Post Tonsillectomy Recovery Surprises

Surprises After Tonsillectomy


post tonsillectomy recovery

Not everyone reads through this website before embarking on their tonsillectomy journey.  I do my best to help patients prepare for surgery and tonsillectomy recovery, but I can’t reach everyone.

I’ve had over 20,000 unique comments across all the pages and posts.  This is an amazing library of personal experiences.  Having read through almost every single comment, there are a few things that surprise patients as they recover.

So here they are, in no particular order:

Post Tonsillectomy Recovery Surprises

Swollen Uvula – Whoa! That thing looks like an 80 pound punching bag!

One of the most unpleasant surprises in the first couple days post tonsillectomy is the swelling of the uvula.  It can get huge, causing discomfort and even difficulty swallowing and breathing.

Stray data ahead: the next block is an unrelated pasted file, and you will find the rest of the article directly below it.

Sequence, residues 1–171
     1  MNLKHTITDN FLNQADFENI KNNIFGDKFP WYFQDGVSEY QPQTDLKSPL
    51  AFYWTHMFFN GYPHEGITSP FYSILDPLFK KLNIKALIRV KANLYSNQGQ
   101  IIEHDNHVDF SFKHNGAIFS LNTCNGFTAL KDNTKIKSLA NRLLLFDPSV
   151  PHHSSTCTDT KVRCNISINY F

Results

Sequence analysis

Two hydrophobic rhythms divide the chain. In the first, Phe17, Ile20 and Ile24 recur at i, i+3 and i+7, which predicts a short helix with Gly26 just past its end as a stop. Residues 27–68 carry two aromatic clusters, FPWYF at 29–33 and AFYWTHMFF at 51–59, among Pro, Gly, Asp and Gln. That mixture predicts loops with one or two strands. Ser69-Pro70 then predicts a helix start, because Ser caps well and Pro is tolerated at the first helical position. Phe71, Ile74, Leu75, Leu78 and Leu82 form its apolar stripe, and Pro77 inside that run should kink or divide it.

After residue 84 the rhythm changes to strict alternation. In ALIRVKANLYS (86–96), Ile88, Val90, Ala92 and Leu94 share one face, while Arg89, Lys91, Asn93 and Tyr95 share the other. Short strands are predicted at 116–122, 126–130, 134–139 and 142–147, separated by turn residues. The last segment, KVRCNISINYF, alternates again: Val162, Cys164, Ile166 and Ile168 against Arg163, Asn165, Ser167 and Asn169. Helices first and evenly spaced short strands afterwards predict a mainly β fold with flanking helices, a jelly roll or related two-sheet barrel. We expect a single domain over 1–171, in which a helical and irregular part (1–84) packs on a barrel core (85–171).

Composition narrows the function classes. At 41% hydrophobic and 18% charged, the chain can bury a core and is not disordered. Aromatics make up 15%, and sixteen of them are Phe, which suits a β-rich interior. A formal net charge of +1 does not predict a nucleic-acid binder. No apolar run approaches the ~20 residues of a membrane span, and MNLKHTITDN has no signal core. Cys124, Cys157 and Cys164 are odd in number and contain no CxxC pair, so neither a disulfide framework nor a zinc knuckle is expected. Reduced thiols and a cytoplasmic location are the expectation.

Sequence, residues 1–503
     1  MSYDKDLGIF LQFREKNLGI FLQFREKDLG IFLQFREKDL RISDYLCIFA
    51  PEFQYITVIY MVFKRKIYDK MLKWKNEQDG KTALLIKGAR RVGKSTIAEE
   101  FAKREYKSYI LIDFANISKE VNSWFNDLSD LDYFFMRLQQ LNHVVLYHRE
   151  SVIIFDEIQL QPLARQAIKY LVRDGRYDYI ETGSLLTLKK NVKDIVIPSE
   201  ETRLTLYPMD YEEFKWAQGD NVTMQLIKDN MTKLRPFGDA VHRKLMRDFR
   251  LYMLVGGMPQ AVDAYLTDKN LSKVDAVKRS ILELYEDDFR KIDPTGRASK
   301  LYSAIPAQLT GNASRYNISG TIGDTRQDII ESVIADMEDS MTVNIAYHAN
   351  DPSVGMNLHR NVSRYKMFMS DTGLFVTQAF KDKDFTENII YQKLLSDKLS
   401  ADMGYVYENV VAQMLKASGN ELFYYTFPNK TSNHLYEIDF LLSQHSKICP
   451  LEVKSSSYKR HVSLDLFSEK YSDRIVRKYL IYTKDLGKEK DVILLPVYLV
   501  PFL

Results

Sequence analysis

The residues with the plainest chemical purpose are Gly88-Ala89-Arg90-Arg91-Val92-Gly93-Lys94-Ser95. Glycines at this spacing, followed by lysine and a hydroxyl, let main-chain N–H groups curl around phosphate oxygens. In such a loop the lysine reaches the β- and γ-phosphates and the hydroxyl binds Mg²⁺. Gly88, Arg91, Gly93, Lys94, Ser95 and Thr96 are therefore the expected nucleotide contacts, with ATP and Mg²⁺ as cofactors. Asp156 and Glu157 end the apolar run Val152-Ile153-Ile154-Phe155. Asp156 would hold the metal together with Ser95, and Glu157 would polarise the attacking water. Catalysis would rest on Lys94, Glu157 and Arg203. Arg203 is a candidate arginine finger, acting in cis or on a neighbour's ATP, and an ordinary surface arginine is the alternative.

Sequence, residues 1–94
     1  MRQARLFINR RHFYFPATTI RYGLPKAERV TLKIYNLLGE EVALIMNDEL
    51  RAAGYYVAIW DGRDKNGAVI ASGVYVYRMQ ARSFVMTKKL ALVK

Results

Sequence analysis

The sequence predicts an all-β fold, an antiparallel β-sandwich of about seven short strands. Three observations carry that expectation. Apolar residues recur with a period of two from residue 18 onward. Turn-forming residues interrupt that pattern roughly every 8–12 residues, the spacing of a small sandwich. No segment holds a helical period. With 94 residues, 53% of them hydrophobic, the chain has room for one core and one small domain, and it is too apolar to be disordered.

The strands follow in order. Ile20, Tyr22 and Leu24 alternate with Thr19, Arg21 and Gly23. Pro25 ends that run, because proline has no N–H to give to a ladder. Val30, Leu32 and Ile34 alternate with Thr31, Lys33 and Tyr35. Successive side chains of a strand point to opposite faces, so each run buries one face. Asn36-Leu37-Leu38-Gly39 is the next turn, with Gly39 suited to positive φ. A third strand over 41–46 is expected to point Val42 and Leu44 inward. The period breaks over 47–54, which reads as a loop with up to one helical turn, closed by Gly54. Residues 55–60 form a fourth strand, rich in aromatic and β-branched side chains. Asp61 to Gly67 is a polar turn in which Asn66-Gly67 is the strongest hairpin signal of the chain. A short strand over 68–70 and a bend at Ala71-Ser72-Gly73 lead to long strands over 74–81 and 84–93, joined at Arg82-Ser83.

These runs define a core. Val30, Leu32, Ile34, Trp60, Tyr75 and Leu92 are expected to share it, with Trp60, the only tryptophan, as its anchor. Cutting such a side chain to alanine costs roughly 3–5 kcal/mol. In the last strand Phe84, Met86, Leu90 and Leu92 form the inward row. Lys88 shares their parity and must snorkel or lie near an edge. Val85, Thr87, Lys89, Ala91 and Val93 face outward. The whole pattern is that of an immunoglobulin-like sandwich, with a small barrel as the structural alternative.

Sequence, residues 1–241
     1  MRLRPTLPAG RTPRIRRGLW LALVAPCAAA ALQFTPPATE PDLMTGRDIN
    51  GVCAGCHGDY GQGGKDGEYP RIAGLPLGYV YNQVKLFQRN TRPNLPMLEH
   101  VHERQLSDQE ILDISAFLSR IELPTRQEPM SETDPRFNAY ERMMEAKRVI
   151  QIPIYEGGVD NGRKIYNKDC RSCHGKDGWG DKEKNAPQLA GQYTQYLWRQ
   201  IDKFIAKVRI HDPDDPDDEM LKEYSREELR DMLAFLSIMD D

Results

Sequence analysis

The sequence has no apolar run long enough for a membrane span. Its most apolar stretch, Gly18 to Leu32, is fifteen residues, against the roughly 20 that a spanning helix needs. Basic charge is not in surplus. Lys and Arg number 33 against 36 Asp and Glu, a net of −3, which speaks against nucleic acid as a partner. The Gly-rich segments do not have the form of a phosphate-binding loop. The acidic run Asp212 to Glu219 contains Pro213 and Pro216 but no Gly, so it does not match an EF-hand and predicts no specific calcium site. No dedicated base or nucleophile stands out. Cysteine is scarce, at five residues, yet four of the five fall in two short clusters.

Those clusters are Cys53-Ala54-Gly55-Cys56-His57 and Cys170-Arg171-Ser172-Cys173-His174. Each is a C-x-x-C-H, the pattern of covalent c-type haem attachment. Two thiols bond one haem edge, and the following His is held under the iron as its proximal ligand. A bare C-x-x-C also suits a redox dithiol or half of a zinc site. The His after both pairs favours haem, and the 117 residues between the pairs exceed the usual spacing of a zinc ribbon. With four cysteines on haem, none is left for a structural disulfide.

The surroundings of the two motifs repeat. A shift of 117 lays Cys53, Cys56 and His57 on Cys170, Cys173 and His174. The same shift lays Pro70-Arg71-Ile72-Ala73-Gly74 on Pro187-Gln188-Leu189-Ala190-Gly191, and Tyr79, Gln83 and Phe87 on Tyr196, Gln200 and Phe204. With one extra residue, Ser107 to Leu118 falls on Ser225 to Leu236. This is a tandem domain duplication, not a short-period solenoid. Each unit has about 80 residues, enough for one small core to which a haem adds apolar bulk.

Get ahead of this little surprise by asking your doctor about possible pharmaceutical solutions, icing the area religiously after surgery, and keeping a steady flow of cold liquids going.

Tonsillectomy Recovery Time – I only took a week off from work!

Maybe it’s because people know of children who have quick recoveries.  Most people, including many ear nose and throat doctors, just don’t appreciate how long it takes an adult to fully recovery from tonsillectomy surgery.  From my experience, remember the 20,000 comments?, ten days is a minimum, and two weeks is average.

Avoid this surprise by taking enough time off from work in advance, and arranging support.  If you’re lucky and recover faster, I’m sure your boss will let you come back early.